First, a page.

• ¼ cup grated Parmesan cheese
  • ½ cup chopped parsley
  • 1 teaspoon salt
  • 1/8 teaspoon black pepper
  • 1 large egg
  • 8 ounces no-boil lasagna noodles (make it “double spinach lasagna” by using spinach noodles)
  •  
    Preparation

    1. PREHEAT oven to 350°F.

    2. HEAT olive oil in skillet. Add onion and garlic; sauté for 2 minutes. Add spinach, oregano and basil. Set aside.

    3. MIX ricotta/cottage cheese, mozzarella and Parmesan cheeses in a large bowl with parsley, salt, pepper and egg.

    4. SPREAD half of the spinach mixture in 8 x 8-inch ovenproof baking dish. Spread half of the cheese mixture on top. Add one layer of lasagna noodles. Repeat. Cover with foil and bake for 35 to 40 minutes.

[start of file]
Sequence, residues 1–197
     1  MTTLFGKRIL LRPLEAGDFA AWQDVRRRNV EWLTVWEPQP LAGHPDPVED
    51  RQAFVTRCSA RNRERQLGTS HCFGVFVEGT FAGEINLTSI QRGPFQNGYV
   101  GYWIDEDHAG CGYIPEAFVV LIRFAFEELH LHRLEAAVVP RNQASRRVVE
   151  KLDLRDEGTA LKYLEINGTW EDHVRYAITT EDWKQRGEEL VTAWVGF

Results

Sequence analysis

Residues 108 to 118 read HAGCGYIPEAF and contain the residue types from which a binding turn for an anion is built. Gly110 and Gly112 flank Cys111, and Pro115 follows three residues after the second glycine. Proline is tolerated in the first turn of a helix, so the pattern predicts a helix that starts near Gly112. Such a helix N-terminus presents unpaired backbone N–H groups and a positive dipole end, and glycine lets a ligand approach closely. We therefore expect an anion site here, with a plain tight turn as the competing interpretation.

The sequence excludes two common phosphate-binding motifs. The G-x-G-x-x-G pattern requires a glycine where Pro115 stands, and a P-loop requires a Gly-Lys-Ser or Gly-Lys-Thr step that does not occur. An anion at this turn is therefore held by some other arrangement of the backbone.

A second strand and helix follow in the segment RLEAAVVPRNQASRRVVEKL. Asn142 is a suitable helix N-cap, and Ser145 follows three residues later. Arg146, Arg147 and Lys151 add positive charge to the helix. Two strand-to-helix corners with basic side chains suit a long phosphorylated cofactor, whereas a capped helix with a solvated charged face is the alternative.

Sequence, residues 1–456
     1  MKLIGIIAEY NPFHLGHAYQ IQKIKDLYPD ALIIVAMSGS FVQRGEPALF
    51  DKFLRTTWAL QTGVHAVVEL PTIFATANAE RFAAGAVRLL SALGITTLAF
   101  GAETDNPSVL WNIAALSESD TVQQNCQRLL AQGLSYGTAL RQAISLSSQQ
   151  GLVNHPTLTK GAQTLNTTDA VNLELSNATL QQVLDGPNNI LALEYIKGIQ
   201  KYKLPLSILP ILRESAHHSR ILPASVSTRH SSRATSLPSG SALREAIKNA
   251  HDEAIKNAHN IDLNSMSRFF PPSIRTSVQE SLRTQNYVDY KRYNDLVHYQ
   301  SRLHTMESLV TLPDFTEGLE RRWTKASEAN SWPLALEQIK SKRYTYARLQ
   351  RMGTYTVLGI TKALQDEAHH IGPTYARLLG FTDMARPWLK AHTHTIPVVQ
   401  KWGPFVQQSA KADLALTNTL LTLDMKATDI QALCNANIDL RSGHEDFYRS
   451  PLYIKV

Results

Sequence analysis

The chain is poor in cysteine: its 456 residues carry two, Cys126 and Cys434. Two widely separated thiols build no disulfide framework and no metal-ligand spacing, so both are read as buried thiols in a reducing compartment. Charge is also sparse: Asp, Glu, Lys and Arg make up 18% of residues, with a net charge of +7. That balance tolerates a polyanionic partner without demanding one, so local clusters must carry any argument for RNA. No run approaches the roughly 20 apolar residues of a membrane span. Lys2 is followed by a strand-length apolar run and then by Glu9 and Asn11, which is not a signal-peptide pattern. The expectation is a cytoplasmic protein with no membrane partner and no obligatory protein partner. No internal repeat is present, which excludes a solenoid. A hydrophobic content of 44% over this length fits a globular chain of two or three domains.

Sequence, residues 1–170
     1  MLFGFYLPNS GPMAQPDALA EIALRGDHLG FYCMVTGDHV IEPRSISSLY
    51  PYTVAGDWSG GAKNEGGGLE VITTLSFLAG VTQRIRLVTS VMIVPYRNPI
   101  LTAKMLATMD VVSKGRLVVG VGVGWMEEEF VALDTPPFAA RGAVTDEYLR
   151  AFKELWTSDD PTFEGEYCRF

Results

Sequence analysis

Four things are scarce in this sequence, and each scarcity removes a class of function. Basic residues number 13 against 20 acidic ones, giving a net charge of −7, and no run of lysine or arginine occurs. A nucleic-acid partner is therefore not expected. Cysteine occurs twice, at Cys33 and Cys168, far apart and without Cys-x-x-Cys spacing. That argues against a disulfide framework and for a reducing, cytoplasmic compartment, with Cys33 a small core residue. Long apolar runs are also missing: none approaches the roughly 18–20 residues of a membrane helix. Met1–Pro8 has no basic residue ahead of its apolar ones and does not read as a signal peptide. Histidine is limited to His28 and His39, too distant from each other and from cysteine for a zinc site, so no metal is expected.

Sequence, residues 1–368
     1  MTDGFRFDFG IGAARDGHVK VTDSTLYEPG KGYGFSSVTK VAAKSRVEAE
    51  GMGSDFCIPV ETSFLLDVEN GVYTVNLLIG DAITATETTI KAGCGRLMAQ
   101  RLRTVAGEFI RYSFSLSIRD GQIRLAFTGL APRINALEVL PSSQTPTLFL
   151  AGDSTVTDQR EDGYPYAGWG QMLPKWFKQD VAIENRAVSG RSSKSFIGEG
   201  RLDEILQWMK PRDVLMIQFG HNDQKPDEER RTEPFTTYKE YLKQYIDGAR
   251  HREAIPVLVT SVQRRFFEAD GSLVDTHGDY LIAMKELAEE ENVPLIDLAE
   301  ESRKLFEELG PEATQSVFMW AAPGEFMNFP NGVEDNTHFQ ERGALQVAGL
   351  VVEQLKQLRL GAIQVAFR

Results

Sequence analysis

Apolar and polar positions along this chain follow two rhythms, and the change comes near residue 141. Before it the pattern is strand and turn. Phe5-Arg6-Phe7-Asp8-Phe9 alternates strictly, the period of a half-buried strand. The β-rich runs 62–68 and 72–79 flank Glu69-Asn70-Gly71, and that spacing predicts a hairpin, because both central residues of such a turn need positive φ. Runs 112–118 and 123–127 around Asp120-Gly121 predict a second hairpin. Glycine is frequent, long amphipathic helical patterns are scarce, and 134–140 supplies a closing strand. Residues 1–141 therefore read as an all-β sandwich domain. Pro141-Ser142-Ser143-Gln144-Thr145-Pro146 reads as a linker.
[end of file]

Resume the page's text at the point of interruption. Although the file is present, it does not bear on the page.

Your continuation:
5. REMOVE foil and bake another 15 minutes. Let sit 10 minutes before serving.

     

     

    Print

    Pasta al forno: lasagna without the lasagna
    noodles. Recipe and photo courtesy Westside
    Market | NYC.

     

    RECIPE: PASTA AL FORNO

    Pasta al forno, which means “pasta in the oven” or baked pasta (and defines lasagna), is a variation that provides the flavor and relative appearance of lasagna without the effort of cooking and layering lasagna noodles.

    Ingredients

  • 1 pound sweet or hot fresh Italian sausage
  • 8 ounces pasta, such as ziti or penne, cooked and
    drained
  • 1 25-ounce jar or homemade marinara sauce
  • 3 cups shredded mozzarella
  • 1 10-ounce package frozen peas
  • 1 cup ricotta
  • 6 tablespoons grated Pecorino Romano or
    Parmesan cheese
  • 1/4 teaspoon salt
  • 1/4 teaspoon pepper
  • 8 tablespoons Pecorino Romano
  • 1 tablespoon olive oil
  •  

    Preparation

    1. PREHEAT oven to 375°F. COAT a 2-1/2-quart baking dish with vegetable cooking spray.